Researchers want to boost lutein consumption
By Food in Canada staffBusiness Operations Regulation Research & Development Agriculture and Agri-Food Canada lutein
Fortifying foods with lutein – found in products such as dark green vegetables – may help prevent Age-Related Macular Degeneration
Ottawa – Agriculture and Agri-Food Canada (AAFC) and the Guelph Food Research Centre (GFRC) are looking into ways to develop lutein-rich wholegrain food products.
Lutein is a nutrient necessary for eye and skin health, but Canadians don’t get enough of it. Adding the nutrient to products such as muffins or bread could go a long way in ensuring they obtain an adequate amount, says the AAFC.
The researchers are particularly interested in the role lutein plays in preventing and slowing the onset of Age-Related Macular Degeneration (AMD), a major cause of blindness in the elderly.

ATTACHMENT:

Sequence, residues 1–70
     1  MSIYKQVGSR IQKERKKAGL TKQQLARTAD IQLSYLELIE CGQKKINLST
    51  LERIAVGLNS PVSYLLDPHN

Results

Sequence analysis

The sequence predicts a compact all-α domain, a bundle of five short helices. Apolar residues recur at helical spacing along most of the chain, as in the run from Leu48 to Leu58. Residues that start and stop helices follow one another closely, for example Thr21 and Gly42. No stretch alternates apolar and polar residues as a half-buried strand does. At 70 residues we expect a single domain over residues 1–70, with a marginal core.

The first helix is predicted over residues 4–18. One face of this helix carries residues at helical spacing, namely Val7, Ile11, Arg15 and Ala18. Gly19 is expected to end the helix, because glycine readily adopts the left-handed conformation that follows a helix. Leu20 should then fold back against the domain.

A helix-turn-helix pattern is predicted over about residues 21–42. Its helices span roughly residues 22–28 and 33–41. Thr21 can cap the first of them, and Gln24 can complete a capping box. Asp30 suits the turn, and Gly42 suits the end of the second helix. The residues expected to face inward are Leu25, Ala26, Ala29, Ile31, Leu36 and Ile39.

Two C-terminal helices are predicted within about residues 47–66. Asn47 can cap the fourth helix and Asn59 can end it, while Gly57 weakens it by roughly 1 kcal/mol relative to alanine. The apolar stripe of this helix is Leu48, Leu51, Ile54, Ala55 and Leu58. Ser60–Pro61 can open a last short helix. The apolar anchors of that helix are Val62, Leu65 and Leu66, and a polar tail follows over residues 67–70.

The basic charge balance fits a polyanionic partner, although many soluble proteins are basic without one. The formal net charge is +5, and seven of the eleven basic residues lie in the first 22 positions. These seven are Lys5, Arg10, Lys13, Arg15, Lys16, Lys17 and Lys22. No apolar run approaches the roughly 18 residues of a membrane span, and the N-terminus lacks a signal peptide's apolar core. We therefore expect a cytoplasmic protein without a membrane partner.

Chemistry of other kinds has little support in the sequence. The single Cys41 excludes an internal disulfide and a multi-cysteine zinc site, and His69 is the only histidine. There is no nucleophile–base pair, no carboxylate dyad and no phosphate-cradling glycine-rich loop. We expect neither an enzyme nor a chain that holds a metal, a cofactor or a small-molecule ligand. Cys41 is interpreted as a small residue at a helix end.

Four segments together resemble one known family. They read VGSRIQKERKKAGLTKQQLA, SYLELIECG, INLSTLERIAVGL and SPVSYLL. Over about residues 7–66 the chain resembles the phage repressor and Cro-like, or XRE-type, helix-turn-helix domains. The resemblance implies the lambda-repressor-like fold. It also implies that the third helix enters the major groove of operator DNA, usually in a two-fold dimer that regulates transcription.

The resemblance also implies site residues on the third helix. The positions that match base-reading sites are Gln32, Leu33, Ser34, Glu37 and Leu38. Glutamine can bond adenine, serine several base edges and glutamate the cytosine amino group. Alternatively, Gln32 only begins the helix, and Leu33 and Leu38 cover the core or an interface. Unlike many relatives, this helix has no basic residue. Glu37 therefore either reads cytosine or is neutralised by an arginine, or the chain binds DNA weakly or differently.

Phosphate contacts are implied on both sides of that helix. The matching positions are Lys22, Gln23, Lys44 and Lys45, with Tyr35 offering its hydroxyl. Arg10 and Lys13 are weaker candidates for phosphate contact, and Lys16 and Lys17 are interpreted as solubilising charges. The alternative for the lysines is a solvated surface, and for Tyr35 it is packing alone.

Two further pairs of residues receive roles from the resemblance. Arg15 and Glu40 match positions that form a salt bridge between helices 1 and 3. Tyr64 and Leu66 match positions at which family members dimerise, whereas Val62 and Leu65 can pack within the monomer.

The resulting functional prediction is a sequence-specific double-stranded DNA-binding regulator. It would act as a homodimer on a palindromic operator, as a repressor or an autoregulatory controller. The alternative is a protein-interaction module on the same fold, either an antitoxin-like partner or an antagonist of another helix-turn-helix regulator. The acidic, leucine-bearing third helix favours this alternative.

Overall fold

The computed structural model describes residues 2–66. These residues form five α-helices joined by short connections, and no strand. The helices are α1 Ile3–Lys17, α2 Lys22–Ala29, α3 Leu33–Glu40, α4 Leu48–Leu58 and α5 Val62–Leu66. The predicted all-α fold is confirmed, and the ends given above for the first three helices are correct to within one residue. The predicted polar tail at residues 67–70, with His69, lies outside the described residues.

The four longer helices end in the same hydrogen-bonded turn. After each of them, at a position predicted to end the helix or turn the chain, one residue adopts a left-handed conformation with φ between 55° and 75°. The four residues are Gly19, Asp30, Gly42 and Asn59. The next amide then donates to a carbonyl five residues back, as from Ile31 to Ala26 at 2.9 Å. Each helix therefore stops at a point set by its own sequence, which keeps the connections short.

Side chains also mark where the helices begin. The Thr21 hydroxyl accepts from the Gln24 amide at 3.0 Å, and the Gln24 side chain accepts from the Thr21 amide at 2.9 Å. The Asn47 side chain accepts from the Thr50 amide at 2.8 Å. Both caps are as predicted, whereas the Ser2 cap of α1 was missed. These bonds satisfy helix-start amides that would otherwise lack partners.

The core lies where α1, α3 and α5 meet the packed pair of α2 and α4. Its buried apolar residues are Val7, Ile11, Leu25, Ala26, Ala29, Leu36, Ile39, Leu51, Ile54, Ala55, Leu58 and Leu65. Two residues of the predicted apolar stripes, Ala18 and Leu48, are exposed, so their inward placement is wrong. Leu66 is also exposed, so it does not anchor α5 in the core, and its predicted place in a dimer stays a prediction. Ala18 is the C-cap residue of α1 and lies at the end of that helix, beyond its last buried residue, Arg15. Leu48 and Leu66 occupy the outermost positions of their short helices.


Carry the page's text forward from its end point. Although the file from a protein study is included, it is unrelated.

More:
The AAFC says more than two million people over the age of 50 suffer from AMD, for which there is no cure.
The best strategy is prevention and Canadians can achieve this by eating more lutein-rich foods, says Dr. Elsayed Abdelaal, who is leading the four-year research project. These products would have the additional benefits of being rich in fibre and antioxidants.
Lutein is found in dark green vegetables, such as spinach and kale, and in egg yolks. It’s also found in grains such as corn and wheat, although lutein degrades significantly when baked and processed.
That is why the research project is looking at developing grains with higher lutein content, the process of degradation and how to prevent it, and enhancing the stability of lutein in a food product to deliver health benefits.
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